CM: A couple come to mind. First, “Be tough on the problem and easy on the people,” is useful advice when frustrations run high. Few people deliberately create problems and most are interested in being part of the solution. Creativity to find solutions, and energy to implement them are a lot more likely to emerge when you’re not beating people up! The second piece of advice I rely on was really a helpful observation. I was told, “You’re better than you think,” by a boss/mentor early in my career. I still hear those words when I’m at a low point, either second-guessing my abilities, or about to give up on an overwhelming task. It always helps me to calm down, see the next step and have the confidence to take it.

3p: Can you share a recent accomplishment you are especially proud of?

CM: Most of what I do is bring teams together, articulate the challenge and listen while the team works through the problem, so I tend to avoid taking personal credit. Still, I’m very proud of Ford’s Climate Strategy, which was developed by a team of environmental scientists, powertrain experts, fuel experts and product planners. Ultimately we arrived at a glide path for reducing fleet average tailpipe emissions which aligns with limiting CO2 concentration to 450ppm. Years later we continue to measure our long term product plans against that glide path.

More recently, I am proud that I had a hand in a series of organizational moves to ensure the future of sustainability at Ford. We have new faces in charge of our sustainability reporting, social sustainability, and supply chain sustainability. This amazing team brings a diverse set of skills and experiences for positions ranging from project manager of our Transit Connect Electric vehicle to military public affairs officer to negotiators who manage communication with the National Highway Traffic Safety Administration (NHTSA) on future safety regulations. I’m proud of our success with developing sustainability professionals.

3p: If you had the power to make one major change at your company or in your industry, what would it be?

CM: I’d like to see the auto industry become true collaborators with governments. It’s already happening to a degree, but substantial CO2 reduction will require energy and transportation policies that build toward the best vehicle, fuel, municipality and consumer solutions. There are huge sums of R&D and tax revenue being spent, but not as effectively as it could be.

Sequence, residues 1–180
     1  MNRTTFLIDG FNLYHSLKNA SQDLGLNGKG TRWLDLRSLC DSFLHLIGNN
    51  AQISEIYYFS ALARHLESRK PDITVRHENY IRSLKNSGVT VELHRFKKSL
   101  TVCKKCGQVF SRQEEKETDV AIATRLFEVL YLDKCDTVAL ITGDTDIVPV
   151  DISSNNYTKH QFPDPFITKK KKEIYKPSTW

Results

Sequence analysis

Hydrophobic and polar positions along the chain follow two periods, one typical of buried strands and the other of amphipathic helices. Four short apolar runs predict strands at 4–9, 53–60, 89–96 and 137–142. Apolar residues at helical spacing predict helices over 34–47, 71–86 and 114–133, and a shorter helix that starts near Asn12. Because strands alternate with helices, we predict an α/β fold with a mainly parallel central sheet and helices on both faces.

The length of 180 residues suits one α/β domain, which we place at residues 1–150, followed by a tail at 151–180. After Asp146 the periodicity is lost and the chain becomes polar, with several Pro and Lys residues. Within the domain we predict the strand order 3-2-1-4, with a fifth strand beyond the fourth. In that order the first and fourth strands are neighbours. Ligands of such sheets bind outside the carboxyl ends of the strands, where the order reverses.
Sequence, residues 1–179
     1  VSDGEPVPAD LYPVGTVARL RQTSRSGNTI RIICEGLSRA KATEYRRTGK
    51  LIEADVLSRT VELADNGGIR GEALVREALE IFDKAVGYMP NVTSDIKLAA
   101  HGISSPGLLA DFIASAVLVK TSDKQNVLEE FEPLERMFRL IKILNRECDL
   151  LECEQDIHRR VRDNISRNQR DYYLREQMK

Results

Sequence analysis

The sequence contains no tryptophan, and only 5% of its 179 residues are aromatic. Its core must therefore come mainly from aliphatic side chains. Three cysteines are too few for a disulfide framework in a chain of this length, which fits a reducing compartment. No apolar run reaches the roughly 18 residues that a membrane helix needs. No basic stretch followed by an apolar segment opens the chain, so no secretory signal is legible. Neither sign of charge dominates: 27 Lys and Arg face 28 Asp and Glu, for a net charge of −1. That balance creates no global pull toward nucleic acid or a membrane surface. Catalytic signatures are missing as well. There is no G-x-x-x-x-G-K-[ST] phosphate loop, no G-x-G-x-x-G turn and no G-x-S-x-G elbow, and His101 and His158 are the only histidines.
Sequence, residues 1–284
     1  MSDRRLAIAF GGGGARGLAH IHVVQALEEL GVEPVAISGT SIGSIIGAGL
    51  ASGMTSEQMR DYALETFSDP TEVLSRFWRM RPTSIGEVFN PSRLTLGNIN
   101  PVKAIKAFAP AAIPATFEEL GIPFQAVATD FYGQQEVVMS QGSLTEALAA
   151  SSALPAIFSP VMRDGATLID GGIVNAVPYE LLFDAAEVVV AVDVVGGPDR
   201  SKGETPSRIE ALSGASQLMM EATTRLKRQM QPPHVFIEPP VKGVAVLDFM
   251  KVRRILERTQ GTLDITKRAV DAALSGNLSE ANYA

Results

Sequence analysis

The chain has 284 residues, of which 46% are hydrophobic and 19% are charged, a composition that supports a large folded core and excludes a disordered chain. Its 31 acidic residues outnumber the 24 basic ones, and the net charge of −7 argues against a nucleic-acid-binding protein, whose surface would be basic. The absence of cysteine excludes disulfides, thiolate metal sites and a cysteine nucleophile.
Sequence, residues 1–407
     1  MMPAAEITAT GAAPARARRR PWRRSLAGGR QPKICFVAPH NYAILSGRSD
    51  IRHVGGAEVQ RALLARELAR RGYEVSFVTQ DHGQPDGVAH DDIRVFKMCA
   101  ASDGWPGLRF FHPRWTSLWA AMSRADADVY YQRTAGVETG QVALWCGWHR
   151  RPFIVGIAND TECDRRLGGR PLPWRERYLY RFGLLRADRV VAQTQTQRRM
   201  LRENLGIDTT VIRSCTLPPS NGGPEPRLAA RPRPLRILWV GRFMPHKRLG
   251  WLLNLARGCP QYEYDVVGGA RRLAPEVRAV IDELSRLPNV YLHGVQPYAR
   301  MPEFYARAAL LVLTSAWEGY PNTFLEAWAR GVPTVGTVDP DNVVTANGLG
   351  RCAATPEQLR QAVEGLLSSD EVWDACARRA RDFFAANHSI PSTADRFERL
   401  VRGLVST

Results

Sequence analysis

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Carrie and her family hiking in their favorite camp in upper Michigan.

3p: Describe your perfect day.

CM: I’m big on balance. A perfect day includes a little bit of everything: driving my son’s carpool to morning water polo practice, a mile swim in the pool, getting through a tough meeting or deliverable at the office, a meal with my husband and kids, and a little spiritual or reading time. A glass of Pinot Grigio and a mindless episode of General Hospital at the end of the day would be the icing on the cake.

 


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  • Cheyenne Sexton

    Absolutely love this article. It is wonderful to hear from someone involved in the sustainability side of an automotive company, especially because this is something I would LOVE to take on. It was great to read about what exactly Carrie does, and how the sustainability department at Ford has come to be. I really liked her quote, “be tough on the problem and easy on the people.” I think you hit the nail right on the head there, Carrie. It is all about being proactive and sometimes reactive to handle the situation and provide great service and results to the consumers. I also really agree with the one thing she would change. My uniting automotive companies and the government closer, it allows for possibly more tax incentives that would really encourage alternative fuel vehicles, which is our future. Thanks so much for this interview/ article!